On Wednesday, the federal candidates for the Bay of Quinte Riding converged on the stage of the Regent Theatre in a debate hosted by the Prince Edward County Chamber of Commerce.
The event lasted two hours, wherein the candidates fielded questions from the local Chamber of Commerce and the Prince Edward Federation of Agriculture as well as members of the audience.
Before responding to questions, the candidates took time to explain their platform and introduce themselves.
Incumbent Bay of Quinte MPP Neil Ellis focused on the importance of supporting small businesses while also investing in infrastructure as being key elements to helping constituents of this riding succeed.
“The cost of infrastructure deficit outweighs the financial deficit in the long term,” said Ellis. “The people I’ve seen and helped over the past four years are one of the biggest reasons why I’m running for re-election.”
Ellis also took the time to explain some of the investments the federal government has made since being elected and stated the federal government’s goal is to reduce poverty by 20 per cent by 2022.
“Over the past four years $375,000,000 has been invested by the federal level to our riding. This translates to $34,000/person in the Bay of Quinte.”
Tim Durkin is a fresh face for the Conservative Party, being a broadcaster by trade.
Durkin asserts that his professional training as a broadcaster taught him how to listen which has helped while talking to constituents on the campaign trail.
“Since we started this venture last April, we have talked to over 60,000 people and the same thing keeps coming up. And that is that people are getting by, but they’re not getting ahead,” stated Durkin, borrowing campaign messaging from party leader Andrew Scheer
Durkin’s introduction focused primarily on national deficit and rising water levels in the BoQ.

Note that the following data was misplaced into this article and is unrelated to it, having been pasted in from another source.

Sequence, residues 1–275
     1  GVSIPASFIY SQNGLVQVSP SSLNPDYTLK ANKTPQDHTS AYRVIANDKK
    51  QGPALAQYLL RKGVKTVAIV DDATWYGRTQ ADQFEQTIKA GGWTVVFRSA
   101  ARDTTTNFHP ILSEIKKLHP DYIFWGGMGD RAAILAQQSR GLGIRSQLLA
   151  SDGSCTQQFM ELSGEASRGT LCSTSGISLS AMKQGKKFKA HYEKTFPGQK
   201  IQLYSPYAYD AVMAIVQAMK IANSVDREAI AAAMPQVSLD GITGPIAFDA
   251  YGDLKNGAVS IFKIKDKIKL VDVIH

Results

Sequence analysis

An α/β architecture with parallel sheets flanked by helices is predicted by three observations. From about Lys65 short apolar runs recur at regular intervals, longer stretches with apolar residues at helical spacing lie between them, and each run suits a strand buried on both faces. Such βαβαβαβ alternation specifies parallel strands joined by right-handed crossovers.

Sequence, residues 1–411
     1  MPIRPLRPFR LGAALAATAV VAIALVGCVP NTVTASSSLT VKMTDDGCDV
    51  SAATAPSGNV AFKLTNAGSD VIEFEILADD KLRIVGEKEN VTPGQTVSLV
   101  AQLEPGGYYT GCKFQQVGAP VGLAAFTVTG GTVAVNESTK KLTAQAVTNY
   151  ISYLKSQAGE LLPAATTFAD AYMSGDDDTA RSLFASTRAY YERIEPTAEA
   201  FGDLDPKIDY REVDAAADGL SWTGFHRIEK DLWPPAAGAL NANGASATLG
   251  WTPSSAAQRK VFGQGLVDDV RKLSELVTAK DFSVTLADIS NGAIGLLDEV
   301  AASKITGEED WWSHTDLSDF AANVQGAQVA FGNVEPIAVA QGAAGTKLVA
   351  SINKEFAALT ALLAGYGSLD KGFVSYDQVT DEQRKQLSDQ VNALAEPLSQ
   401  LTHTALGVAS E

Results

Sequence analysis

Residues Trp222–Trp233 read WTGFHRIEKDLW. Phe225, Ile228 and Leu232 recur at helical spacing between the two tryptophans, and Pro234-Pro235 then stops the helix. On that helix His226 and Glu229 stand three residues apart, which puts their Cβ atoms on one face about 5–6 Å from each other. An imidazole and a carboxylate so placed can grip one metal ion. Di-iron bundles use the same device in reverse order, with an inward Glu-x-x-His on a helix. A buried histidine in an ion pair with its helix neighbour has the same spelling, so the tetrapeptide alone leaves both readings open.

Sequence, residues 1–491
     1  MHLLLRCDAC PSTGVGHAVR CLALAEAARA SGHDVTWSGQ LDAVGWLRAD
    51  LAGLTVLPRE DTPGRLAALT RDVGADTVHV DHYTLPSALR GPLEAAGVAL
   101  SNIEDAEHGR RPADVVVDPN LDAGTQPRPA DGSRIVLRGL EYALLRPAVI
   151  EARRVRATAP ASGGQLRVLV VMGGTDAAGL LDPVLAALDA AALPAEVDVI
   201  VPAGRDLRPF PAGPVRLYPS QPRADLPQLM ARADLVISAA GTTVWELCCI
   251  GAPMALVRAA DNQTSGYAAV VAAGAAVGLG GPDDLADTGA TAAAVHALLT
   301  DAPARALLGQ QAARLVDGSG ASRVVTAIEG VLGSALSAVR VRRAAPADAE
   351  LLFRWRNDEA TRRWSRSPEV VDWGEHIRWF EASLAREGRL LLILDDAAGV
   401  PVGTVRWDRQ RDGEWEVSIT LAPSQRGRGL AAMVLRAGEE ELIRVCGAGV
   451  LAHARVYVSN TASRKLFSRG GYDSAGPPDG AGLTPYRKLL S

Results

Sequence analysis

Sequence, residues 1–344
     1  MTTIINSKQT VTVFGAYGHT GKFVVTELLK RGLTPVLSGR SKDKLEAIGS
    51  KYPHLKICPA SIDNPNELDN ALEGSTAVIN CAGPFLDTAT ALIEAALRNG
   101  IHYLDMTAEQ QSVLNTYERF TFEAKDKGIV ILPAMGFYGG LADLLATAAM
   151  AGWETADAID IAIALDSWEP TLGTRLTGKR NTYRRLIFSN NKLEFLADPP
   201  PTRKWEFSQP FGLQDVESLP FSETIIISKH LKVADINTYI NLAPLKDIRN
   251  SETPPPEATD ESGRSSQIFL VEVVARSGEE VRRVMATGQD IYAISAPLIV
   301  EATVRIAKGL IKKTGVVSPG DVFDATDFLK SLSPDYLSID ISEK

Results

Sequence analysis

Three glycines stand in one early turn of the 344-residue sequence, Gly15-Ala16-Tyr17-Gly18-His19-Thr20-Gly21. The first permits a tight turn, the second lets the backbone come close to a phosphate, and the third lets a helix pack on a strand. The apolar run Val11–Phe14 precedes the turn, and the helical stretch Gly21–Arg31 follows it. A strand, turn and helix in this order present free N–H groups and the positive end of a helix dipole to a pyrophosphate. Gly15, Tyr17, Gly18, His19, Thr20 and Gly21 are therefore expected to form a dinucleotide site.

“There’s good borrowing, but in the last 40 years we have had the largest deficit any Canadian Government has had in a time of war and in a time of recession,” asserted Durkin, adding that Plan 2014 needed to be reassessed as well.
Paul Bordonaro, the local candidate for the newly formed People’s Party, opened his comments by expressing excitement to be part of a political party that, as he states, is the fastest growing party in Canadian history.
He focused on rallying support from the general population while explaining the platform of the newly formed party. Bordonaro cited four principles that guide the policies of his party.
“The People’s Party is built on the foundation of four core values…personal responsibility, individual freedom, respect and fairness,” he stated.
“The Conservatives and Liberals are globalists. We are nationalists,” said Bordonaro. “Our plan looks after all Canadians first, not the rest of the world. With a population of 37 million, we only represent half of the planet. Yet, somehow, our two main parties feel they can be the welfare state of the planet.”
Getting down to some details, Bordonaro states that his party would eliminate unnecessary foreign aid while focusing on humanitarian aid. He also stated that the PPC wants to put immigration in line with the needs of Canadians.
“The present immigration policies are costing tax payers billions of dollars a year and lowering our standard of living and quality of life. We want immigration reform to improve our country, not destroy it,” said Bordonaro.
Danny Celovsky, the Green Party Candidate, conceded that he gave some thought to opening remarks, but decided they were written better by Greta Thunberg, who recently spoke to the UN about climate change.
His speech, like that of Thunberg, focused on the need for action on climate change.
“The climate crisis was treated like every other issue or even less than that. We must admit that we do not have the situation under control. And, we must admit that we are losing the battle. We must stop playing with words and numbers because we no longer have time for that,” quoted Celovsky.